• USACFA

How Having CF Helped Me Understand My Sexual Orientation

By Natalie Park

How I choose to express myself—my internal sense, mannerisms, and behaviors—are influenced by the things I cannot change. There is nothing I can do to control the way CF affects my body—I can only control how I react, behave, and choose to grow from an unfavorable condition. I will find myself in many more situations where the only thing I can control is how I respond. So, when I began questioning my sexuality and the revelation that came from it, CF prepared me for how I should react, respond, and express myself.

Image courtesy of Natalie Park

In an online world where everyone can share their thoughts, feelings, location, and pictures in a matter of seconds, it’s no surprise that it’s easier to know everything about someone than ever before. While some choose to keep their private life private, others, such as myself, choose to share their personal life with the world. Since an early age, I have always been open and honest about my CF. From middle school all the way to college, I chose to educate as many people as I can about CF and why it’s important to me and many others. I will never know whether I would have shared with the world my important milestones, downfalls, or uphill battles had I not been diagnosed with a life-threatening illness. I take on my CF as a piece of my identity, as it shaped who I am and the way I choose to express myself. Although CF took many things away from me, it also gave me the confidence and strength to always be myself. I’ve spent my whole life oversharing, so it was very simple for me to publicly accept my identity within the LGBTQ+ community.

Unfortunately, it’s not as easy for everyone to be comfortable going public with their sexual orientation or identity because of the potential criticism from friends or family. I have widespread support and love regarding my CF; however, as I get to know more people with whom I share my CF story, the more I have to cope with judgment and negativity. I’ve had very dear friends express to me that my CF is a burden: they ignored my requests of distancing themselves when they are ill and, even worse, they wrote off my symptoms and mental illness as drama. Through CF, I’ve learned to let go of relationships that no longer serve me, which is why I didn’t hesitate to publicly embrace my sexuality.

While being lesbian, gay, transgender, queer, etc. is an identity many take on during their teenage years, it’s something that I have only recently discovered about myself at 23. Everyday I am still discovering more about myself—how I process the ongoing emotions that come from having a chronic illness, how I challenge myself academically, how I bring positivity into new relationships, and how being gay is now a part of my identity. This is an exciting time in my life as I get a fresh start at dating, which is both a relief and nerve wracking as I explore these new relationships with women. Like always, I continue to be open and honest about my CF when meeting new potential romantic partners. Dating women feels like I have finally filled a piece of myself that has been missing. I feel as though life is a giant puzzle and we continuously fill the pieces in with new things about ourselves.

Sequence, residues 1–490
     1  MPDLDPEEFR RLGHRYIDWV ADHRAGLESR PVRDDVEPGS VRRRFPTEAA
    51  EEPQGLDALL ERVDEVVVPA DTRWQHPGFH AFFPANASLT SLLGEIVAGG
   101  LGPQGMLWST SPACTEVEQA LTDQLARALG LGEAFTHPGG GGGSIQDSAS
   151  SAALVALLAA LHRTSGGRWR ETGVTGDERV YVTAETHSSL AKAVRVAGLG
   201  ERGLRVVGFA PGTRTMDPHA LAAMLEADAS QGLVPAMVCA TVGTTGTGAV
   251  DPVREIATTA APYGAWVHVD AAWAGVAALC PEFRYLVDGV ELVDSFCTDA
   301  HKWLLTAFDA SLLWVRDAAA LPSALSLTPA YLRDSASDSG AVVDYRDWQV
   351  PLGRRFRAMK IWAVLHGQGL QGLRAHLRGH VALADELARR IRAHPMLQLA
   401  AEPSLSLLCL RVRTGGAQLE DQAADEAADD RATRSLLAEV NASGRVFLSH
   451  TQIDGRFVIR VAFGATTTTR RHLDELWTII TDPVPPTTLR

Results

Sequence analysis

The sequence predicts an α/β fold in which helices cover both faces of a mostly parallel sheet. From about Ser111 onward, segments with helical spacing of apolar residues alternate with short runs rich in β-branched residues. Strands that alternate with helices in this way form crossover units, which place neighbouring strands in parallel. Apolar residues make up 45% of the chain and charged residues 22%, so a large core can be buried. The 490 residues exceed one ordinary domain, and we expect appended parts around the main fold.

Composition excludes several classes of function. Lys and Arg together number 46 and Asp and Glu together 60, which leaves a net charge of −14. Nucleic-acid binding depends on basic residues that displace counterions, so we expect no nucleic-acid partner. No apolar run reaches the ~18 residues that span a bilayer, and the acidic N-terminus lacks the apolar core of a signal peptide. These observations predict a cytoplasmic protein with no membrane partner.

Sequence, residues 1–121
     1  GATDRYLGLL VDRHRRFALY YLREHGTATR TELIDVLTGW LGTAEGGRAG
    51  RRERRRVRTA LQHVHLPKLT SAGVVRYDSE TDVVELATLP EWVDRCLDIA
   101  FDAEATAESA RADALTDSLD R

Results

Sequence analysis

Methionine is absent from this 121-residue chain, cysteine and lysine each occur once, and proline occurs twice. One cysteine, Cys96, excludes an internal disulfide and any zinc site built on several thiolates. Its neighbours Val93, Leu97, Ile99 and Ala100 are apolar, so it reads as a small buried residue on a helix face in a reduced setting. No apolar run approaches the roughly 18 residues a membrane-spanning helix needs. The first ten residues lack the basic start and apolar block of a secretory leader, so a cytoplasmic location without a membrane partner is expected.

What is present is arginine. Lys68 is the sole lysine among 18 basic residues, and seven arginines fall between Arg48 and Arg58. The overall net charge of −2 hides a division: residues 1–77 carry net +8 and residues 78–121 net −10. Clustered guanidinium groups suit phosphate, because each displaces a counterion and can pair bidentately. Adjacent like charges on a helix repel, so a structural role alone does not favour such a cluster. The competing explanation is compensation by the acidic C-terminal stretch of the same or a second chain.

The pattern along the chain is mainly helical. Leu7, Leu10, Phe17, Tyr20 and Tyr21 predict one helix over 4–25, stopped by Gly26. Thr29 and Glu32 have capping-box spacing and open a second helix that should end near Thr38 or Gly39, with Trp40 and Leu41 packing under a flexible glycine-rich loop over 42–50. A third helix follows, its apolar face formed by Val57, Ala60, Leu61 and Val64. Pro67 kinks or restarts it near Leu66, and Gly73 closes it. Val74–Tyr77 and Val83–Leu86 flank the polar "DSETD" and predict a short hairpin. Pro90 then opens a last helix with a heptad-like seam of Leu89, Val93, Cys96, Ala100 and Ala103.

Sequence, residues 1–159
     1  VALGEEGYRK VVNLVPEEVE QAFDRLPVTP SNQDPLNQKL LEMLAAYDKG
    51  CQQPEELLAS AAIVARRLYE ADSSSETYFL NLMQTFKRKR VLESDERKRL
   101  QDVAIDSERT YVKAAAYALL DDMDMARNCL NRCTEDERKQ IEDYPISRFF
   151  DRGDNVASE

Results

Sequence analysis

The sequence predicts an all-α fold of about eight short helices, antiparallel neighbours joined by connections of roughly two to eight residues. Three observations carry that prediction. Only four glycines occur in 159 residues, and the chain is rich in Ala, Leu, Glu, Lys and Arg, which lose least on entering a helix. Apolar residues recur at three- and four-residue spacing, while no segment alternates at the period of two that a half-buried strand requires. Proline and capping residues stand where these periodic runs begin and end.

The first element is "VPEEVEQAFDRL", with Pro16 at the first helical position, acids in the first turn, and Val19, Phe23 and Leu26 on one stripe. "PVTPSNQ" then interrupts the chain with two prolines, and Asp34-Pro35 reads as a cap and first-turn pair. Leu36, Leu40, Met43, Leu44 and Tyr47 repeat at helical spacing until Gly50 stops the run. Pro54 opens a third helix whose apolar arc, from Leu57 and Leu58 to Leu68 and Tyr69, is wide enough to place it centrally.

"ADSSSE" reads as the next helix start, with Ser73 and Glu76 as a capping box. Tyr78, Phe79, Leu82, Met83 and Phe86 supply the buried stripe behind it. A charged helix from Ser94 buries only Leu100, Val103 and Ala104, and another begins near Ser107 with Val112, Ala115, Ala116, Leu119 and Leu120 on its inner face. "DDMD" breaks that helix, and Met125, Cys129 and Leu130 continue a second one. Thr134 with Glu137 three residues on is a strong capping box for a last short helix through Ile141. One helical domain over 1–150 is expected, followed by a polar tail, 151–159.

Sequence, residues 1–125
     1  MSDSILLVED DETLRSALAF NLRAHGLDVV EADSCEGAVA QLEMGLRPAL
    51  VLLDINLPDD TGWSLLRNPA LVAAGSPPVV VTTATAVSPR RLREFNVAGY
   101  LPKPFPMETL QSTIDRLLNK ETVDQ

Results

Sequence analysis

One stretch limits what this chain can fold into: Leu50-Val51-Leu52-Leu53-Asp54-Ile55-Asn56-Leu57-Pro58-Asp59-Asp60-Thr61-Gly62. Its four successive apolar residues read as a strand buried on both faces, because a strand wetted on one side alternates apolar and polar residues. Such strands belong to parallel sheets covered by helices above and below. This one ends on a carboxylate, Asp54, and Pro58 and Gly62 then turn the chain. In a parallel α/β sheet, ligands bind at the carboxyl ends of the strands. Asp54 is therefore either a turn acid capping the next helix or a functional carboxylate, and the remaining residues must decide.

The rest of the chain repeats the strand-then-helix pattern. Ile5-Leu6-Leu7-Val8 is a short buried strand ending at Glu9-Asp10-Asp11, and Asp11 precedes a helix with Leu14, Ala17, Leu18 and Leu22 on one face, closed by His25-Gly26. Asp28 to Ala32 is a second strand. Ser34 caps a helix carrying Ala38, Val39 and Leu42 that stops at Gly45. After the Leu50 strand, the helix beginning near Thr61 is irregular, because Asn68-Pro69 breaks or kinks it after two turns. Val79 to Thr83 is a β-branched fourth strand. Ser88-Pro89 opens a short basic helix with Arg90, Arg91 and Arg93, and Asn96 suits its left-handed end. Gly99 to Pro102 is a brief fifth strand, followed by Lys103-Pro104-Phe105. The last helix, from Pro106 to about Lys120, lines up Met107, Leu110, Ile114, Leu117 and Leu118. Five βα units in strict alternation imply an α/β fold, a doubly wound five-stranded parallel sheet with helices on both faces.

There is nothing I can do to change the fact that I have CF and there is nothing I can do to change the fact that I am gay. I have no control over my chronic illness other than how I deal with it emotionally and mentally. Similarly, I have no control over who I am attracted to and it was something very easy to accept about myself. CF gave me the confidence and strength I need to keep discovering new beginnings, even if they might be scary at first. I know this strength is something I will always have with me and I am reminded of it every time I do a breathing treatment, take pills, or have a hospital stay.

If you are questioning your gender identity or sexual orientation know that you are not alone. It can be something difficult to accept about yourself, especially if you are scared of society’s judgment and/or your support system isn’t understanding. Ultimately, you have to do what makes you happy. I am here for support for anyone who needs it — CF or otherwise.

About the Author: Natalie Park is 23 years old with CF. She lives in the Chicago, Illinois area. She is passionate about conservation, animals, and wildlife. She has been accepted to a conservation-based master’s program and looks forward to continuing her career in the animal care field. Natalie enjoys sharing her CF story on social media and being a CF advocate. You can find her online at @nataliepark6 and @lovingeverybreath.



927 views
Connect with us
Connect with us
subscribe!

Please CLICK HERE to 

subscribe to our newsletter! 

*The CF Roundtable does not give medical advice. Any medical opinions represented in these articles are those of the writer and do not represent the views of USACFA, any of our community partners, or any other group or individual. We strongly suggest you consult your doctors regarding any medical references and before altering your medical regimen in any way. USACFA does not endorse any products or procedures. 

Registered Charity Number : EIN # 93-1036770

© United States Adult Cystic Fibrosis Association 2019

  • Black Facebook Icon
  • Black Twitter Icon
  • Black Instagram Icon
  • LinkedIn - Black Circle
  • Black Facebook Icon